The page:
See Reality As It Is for Pesach Sheni
Appreciating wisdom and applying that wisdom in daily life are two very different things. Ilana Kaufman testifies to this gap in her piece where she describes the great distance between good intentions of Jewish communal leaders over the past decade to eliminate racism and the glaring and painful structural racism still commonplace in the community. Kaufman describes, with understandable indignation, the way the vast majority of people of color continue to experience racism within their Jewish communities. She calls on all of us to, “feel the feelings — alarm, sadness, disappointment, even a sense of failure..." and move towards action to create space for Jews of Color. This call to feel and perceive what is, as a motivator for change, is supported by a practice from this Hebrew month.
The only Biblical holiday this month is Pesach Sheni, the second Passover, which offered people who couldn’t participate in the sacrificial Passover ritual on 14 Nissan another chance on 14 Iyyar. The Torah tells us that the Passover lamb was eaten on this day with Matzah and Maror. However, it says nothing about Chametz, the leavened bread and yeast, that was so crucial to remove before and during the first Passover. Apparently it was fine to have a beer and pita along with the Matzah and Maror on Second Passover.
Seeing more clearly what is, less encumbered by past experience or fantasy, gives us a greater flexibility in choosing how to respond to that reality in the present moment.
Beyond the culinary benefits of this expanded menu, Pesach Sheni has embedded in it an important message about living spiritual wisdom. On the day before Passover, there is a mitzvah to destroy all chametz in our possession, by a number of different means and symbolized by burning the last remains of bread or other leavened products in one’s possession. Chametz and Se’or/yeast are symbolic of that which is overblown and puffed-up. Matzah is simple, just bread and water and no extras. There is a chametz way of seeing reality and a matzah way of seeing reality. Reality with a chametz lens includes the stories, habits, past hurts, fantasies, and everything else we burden the present moment with in our perception. A Matzah lens helps us see reality as it is by helping us be here in the present with awareness beyond the stories we bring to every encounter. Matzah is the bread of freedom because seeing more clearly what is, less encumbered by past experience or fantasy, gives us a greater flexibility in choosing how to respond to that reality in the present moment. Seeing things the way they are is also a key step in making change. As James Baldwin wrote, “Not everything that is faced can be changed, but nothing can be changed until is is faced.”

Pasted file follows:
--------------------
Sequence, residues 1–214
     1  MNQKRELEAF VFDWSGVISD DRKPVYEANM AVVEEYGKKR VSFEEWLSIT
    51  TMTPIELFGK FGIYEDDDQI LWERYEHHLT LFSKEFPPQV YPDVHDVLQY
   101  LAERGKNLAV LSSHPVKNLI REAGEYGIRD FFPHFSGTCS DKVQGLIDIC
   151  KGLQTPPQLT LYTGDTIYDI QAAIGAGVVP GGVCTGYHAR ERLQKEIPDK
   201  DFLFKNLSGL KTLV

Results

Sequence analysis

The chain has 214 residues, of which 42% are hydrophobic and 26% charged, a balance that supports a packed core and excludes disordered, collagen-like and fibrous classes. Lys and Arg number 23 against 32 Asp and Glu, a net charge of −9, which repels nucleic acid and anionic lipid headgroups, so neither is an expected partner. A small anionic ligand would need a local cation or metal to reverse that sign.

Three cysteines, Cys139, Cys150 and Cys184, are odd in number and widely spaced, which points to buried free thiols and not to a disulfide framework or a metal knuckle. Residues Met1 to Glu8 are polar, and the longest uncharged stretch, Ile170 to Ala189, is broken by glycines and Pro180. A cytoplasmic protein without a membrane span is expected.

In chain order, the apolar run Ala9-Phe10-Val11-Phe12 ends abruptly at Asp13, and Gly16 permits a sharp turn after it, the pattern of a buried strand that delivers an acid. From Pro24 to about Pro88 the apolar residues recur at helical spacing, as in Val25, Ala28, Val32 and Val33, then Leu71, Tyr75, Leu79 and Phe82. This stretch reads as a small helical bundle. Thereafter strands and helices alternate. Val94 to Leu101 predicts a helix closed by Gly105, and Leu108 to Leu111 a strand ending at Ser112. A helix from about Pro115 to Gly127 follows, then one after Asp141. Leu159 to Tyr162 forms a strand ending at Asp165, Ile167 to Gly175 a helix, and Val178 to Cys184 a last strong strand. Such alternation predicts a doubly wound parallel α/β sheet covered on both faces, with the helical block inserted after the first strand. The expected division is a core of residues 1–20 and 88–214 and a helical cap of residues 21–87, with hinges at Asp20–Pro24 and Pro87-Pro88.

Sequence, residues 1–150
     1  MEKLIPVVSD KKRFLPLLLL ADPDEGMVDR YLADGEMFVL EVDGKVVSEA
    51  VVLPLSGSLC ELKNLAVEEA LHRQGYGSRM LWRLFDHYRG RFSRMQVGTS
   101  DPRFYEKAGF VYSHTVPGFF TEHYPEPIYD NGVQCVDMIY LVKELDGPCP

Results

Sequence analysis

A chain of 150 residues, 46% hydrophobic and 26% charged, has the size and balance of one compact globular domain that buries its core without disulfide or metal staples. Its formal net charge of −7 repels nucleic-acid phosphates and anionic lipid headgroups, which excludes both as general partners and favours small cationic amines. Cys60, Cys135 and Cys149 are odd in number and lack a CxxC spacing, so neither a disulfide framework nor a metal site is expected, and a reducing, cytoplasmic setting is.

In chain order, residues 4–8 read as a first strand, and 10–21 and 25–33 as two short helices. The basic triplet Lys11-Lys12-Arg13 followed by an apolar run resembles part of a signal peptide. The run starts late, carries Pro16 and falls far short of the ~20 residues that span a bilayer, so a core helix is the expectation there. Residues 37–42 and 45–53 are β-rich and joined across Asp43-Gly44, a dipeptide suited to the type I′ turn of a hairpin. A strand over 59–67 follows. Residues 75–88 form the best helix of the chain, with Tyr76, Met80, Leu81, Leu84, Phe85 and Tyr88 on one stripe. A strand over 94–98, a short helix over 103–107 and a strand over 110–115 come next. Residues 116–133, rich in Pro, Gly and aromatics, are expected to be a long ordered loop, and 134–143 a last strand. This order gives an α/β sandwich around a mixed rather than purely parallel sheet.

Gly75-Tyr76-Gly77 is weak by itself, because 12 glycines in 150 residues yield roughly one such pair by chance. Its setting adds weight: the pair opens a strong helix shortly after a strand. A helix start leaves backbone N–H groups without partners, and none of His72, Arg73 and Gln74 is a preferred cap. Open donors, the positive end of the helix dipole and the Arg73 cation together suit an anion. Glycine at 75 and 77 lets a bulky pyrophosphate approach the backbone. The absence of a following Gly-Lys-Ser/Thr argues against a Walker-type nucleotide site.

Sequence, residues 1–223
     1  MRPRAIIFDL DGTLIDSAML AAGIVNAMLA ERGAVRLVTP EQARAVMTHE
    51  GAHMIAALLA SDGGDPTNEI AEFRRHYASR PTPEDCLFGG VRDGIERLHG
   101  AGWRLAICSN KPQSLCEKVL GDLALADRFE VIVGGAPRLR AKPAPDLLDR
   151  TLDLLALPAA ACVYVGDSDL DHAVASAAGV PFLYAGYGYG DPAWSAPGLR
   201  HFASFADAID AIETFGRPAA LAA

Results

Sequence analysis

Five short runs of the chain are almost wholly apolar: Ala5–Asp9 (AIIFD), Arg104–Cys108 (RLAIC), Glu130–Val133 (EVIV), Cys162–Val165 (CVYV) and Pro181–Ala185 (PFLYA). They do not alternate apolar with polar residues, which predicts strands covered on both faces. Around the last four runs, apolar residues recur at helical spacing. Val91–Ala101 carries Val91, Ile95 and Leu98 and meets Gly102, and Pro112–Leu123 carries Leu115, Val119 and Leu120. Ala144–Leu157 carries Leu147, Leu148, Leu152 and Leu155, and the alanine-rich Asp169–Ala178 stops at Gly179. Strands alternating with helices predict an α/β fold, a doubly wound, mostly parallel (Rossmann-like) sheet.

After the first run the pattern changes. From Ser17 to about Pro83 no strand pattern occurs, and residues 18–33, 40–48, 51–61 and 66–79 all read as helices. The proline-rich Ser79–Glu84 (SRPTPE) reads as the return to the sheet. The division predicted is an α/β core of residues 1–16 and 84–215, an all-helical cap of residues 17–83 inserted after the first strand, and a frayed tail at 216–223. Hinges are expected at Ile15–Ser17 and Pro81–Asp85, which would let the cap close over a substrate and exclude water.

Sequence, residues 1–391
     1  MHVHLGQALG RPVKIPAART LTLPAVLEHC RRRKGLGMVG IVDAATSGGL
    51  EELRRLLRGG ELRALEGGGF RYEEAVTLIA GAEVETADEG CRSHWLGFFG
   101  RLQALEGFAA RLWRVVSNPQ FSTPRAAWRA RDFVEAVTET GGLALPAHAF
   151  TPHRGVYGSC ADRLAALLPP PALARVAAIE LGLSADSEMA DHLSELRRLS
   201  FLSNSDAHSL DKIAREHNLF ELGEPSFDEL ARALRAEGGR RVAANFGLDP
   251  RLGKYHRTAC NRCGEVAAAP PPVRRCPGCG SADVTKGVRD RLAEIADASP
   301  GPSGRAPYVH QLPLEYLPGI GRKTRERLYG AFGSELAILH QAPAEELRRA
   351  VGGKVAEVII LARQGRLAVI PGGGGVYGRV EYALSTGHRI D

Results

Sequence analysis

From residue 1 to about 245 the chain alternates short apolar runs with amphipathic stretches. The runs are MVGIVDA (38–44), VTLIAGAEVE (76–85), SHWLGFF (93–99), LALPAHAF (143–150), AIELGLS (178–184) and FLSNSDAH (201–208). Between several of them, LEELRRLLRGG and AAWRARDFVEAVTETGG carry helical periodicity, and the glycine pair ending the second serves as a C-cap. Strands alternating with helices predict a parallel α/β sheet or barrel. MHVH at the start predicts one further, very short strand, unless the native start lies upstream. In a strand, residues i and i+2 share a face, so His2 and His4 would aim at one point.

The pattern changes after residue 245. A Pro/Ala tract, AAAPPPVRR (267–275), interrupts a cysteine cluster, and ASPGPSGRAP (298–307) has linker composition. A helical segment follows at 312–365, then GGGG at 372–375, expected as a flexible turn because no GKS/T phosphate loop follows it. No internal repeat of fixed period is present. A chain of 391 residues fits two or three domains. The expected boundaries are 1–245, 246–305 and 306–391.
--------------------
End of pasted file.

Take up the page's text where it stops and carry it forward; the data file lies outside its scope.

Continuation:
With chametz removed, the first Passover is a seven day retreat/training program to learn how to see what is with a present-time, liberation perspective. Seven symbolizes wholeness and a complete unit. After the training period is over (8 days in the diaspora), chametz is reintroduced into life. How well can we apply the wisdom gained through this training once we are home from the retreat center and back into the routines of life? Pesach Sheni is a check-in point one month later. It is a time to look clearly at how we have or have not integrated the matzah practice of really seeing reality for what it is, but this time amidst the chametz of life. This chametz can be old habits, fears, privilege, and other factors that keep us from putting into action what we know to be true. It is all the things that contribute to the fact that, as Kaufman laments, Jewish leaders haven’t made any significant changes to racial injustice in the Jewish community in the past decade. Pesach Sheni is the time for taking the matzah, once again, and looking clearly at reality as it is. It is time to “feel the feelings — alarm, sadness, disappointment, even a sense of failure..." and put into action what we know is needed to make change.
In honor of Pesach Sheni, and the failures Kaufman puts before us, I invite you to join me and my colleague, Yehudah Webster, for the final installment of the Dismantling Racism from the Inside Out webinar series - Closing the Empathy Gap with Compassionate Care. This series, and Mussar practice in general, is founded on the need to make knowledge real, to make it live in our bodies and social systems and not just as ideas so we can create the liberatory and anti-racist communities Kaufman writes so passionately about, that our community so desperately needs. May the rituals and actions we take this month move all of us closer to not only seeing clearly the impact of systems of oppression, but also taking the action needed to transform those systems.
Rabbi David Jaffe